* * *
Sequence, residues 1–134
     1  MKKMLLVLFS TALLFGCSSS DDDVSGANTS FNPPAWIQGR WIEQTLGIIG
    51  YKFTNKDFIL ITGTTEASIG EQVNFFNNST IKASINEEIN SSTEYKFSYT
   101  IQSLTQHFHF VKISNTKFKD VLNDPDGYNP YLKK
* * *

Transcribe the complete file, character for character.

Sequence, residues 1–134
     1  MKKMLLVLFS TALLFGCSSS DDDVSGANTS FNPPAWIQGR WIEQTLGIIG
    51  YKFTNKDFIL ITGTTEASIG EQVNFFNNST IKASINEEIN SSTEYKFSYT
   101  IQSLTQHFHF VKISNTKFKD VLNDPDGYNP YLKK